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The biology of thrombopoietin and thrombopoietin receptor agonists

Authors
  • Kuter, David J.1, 2
  • 1 Harvard Medical School, Boston, MA, USA , Boston (United States)
  • 2 Yawkey 7858, Massachusetts General Hospital, Hematology Division, 55 Fruit Street, Boston, MA, 02114, USA , Boston (United States)
Type
Published Article
Journal
International Journal of Hematology
Publisher
Springer-Verlag
Publication Date
Jul 03, 2013
Volume
98
Issue
1
Pages
10–23
Identifiers
DOI: 10.1007/s12185-013-1382-0
Source
Springer Nature
Keywords
License
Yellow

Abstract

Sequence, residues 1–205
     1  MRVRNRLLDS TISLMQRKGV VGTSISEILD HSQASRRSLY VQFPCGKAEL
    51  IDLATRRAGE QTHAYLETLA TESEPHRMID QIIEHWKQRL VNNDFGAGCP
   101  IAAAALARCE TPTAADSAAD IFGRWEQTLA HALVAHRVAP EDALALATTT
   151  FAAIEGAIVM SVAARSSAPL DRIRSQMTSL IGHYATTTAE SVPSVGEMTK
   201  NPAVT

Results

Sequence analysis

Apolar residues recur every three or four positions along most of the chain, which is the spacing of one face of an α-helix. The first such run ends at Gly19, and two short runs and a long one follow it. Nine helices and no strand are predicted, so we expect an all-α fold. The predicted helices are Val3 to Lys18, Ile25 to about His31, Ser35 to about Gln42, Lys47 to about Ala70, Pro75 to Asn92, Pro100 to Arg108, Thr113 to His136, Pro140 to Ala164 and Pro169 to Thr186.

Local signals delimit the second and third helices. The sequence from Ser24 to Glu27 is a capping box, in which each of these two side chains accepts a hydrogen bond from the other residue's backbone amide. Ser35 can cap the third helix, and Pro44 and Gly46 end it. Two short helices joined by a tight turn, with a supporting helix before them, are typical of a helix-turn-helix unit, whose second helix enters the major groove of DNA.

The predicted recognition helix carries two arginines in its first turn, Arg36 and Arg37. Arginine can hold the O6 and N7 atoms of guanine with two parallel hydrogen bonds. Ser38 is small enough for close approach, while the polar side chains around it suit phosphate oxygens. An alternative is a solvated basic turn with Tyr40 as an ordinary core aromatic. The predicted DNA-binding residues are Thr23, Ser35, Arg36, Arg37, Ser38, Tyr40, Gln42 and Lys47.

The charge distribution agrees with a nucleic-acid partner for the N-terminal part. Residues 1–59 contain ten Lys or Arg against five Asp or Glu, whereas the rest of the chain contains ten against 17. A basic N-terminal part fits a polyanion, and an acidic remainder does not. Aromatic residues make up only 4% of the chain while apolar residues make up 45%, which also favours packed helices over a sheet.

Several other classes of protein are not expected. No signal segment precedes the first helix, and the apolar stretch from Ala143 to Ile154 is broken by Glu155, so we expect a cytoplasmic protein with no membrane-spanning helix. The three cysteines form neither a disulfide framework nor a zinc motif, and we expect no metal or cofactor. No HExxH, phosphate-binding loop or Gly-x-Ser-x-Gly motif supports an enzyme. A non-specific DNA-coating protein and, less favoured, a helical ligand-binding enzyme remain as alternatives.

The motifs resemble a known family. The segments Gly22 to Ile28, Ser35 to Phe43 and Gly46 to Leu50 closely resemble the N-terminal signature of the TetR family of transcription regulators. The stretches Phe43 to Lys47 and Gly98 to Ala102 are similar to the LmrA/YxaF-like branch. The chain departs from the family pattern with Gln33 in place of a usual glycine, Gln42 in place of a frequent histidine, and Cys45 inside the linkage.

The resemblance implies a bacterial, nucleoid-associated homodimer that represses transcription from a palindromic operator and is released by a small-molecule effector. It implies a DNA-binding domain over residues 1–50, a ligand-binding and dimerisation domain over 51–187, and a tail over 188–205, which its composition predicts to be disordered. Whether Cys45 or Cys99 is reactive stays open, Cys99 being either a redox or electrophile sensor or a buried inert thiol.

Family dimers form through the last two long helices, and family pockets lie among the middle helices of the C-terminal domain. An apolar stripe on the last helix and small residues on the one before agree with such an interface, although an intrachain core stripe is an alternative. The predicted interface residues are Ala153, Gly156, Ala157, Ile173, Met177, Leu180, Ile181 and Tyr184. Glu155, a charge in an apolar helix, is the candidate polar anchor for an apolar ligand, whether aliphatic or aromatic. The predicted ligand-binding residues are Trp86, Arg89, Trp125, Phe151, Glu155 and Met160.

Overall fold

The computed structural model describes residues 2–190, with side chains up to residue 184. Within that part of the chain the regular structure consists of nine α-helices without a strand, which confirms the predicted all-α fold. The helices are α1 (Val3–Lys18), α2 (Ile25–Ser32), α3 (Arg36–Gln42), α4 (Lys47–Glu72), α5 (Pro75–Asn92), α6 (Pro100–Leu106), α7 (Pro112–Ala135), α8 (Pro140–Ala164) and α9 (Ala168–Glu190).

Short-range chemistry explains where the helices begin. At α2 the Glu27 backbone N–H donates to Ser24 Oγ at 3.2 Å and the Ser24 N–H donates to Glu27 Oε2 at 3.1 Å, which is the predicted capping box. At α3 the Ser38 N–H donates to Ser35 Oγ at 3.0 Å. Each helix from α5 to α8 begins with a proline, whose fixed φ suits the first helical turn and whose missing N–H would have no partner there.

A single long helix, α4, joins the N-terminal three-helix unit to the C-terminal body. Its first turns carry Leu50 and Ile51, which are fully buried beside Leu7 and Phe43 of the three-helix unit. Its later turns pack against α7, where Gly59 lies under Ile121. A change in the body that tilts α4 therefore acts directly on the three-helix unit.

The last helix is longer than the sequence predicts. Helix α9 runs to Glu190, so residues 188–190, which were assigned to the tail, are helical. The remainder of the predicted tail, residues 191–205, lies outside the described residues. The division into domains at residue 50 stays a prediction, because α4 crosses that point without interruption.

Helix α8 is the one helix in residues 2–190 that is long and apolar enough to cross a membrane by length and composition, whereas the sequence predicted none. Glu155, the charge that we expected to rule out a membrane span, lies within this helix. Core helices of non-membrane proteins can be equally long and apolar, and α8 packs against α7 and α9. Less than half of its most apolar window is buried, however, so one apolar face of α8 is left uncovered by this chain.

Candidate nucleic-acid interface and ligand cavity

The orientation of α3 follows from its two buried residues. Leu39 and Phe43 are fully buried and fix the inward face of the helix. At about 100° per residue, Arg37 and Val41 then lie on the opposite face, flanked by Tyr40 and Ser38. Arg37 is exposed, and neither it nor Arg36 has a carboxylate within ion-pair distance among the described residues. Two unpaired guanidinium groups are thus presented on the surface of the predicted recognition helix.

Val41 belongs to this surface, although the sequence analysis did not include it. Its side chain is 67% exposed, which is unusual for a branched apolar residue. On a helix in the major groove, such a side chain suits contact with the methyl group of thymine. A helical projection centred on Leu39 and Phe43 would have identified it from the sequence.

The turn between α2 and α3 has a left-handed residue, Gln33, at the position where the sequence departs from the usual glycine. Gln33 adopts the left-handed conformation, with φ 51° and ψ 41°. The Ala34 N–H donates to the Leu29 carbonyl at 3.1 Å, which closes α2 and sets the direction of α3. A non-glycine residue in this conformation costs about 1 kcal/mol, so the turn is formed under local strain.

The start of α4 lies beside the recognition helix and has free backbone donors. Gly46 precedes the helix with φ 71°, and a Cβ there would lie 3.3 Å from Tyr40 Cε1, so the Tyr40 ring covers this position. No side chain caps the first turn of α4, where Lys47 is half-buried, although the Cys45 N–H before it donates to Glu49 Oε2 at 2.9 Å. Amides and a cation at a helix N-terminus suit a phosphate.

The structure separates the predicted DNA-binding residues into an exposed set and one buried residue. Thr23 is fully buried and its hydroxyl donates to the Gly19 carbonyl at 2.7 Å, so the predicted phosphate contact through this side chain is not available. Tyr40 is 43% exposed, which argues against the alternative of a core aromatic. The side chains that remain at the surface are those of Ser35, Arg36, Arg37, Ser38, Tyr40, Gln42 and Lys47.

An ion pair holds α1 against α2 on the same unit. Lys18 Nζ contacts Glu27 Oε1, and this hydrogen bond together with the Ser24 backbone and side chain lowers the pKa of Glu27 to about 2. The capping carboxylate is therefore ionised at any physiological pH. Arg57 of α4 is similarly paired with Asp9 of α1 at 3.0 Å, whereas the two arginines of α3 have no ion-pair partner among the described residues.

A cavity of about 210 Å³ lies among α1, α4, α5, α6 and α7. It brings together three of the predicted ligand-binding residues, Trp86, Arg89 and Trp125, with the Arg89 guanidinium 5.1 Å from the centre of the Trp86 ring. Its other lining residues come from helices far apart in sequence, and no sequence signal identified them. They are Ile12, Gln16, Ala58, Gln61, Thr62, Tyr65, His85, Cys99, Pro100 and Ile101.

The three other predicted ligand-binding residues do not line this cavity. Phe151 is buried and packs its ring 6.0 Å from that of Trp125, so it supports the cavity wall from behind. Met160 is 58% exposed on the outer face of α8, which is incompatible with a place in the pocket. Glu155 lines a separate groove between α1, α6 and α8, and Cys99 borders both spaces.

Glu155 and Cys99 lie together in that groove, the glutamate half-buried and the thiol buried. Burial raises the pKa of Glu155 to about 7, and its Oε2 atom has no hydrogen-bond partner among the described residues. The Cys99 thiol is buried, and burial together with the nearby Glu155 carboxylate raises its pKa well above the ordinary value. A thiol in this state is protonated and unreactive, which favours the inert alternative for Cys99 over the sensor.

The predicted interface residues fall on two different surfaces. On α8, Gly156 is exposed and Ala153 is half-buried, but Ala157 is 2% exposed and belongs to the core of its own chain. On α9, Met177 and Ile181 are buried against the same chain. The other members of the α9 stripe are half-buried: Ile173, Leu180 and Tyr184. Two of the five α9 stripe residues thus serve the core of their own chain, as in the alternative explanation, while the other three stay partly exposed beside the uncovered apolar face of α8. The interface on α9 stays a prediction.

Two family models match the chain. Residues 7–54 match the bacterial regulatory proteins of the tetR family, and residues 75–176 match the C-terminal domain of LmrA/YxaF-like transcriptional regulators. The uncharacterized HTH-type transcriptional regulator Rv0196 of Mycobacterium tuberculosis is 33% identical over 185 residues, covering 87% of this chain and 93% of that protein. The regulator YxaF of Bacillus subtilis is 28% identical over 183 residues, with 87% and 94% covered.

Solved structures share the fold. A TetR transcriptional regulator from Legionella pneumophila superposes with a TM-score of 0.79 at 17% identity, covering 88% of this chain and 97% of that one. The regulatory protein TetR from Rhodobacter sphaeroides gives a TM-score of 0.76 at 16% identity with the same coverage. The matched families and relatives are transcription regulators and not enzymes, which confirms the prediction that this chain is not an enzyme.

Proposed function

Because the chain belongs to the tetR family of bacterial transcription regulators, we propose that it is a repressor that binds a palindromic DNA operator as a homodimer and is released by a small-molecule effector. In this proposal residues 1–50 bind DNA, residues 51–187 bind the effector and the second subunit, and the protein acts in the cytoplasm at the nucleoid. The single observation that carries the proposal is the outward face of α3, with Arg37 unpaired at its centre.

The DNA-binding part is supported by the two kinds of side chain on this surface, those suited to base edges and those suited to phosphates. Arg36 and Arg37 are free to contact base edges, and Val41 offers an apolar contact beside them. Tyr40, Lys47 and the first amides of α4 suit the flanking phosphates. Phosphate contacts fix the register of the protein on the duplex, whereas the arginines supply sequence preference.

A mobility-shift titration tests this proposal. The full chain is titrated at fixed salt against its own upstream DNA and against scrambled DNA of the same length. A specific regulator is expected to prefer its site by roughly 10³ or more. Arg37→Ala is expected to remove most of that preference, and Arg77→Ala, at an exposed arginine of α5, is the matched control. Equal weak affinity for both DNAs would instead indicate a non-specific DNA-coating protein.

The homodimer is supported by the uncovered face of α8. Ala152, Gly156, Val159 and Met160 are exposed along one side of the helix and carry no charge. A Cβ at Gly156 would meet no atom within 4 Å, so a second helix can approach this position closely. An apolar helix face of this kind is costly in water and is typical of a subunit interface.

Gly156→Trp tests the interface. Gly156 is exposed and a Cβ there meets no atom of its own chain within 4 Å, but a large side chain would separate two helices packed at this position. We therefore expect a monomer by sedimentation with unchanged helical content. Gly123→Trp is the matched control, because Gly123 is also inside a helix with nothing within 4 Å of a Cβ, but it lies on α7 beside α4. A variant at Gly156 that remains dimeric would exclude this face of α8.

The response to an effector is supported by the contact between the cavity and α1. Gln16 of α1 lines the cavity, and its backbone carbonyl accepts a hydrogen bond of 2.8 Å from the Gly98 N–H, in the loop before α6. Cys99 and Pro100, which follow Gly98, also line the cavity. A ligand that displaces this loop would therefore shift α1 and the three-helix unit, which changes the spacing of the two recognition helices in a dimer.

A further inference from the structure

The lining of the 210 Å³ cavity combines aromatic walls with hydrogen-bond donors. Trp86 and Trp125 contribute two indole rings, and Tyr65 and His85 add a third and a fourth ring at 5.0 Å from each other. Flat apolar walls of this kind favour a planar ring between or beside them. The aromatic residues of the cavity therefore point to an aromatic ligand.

Thrombopoietin (TPO) is the major physiological regulator of platelet production. TPO binds the TPO receptor, activates JAK and STAT pathways, thus stimulating megakaryocyte growth and platelet production. There is no “sensor” of the platelet count; rather TPO is produced in the liver at a constant rate and cleared by TPO receptors on platelets. TPO levels are inversely proportional to the rate of platelet production. Early recombinant TPO molecules were potent stimulators of platelet production and increased platelets in patients with immune thrombocytopenia, chemotherapy-induced thrombocytopenia, myelodysplastic syndromes and platelet apheresis donors. Neutralizing antibodies formed against one recombinant protein and ended their development. A second generation of TPO receptor agonists, romiplostim and eltrombopag, has been developed. Romiplostim is an IgG heavy chain into which four TPO agonist peptides have been inserted. Eltrombopag is an oral small molecule. These activate the TPO receptor by different mechanisms to increase megakaryocyte growth and platelet production. After administration of either to healthy volunteers, there is a delay of 5 days before the platelet count rises and subsequently reaches a peak after 12–14 days. Both have been highly effective in treating ITP and hepatitis C thrombocytopenia. Studies in a wide variety of other thrombocytopenic conditions are underway.

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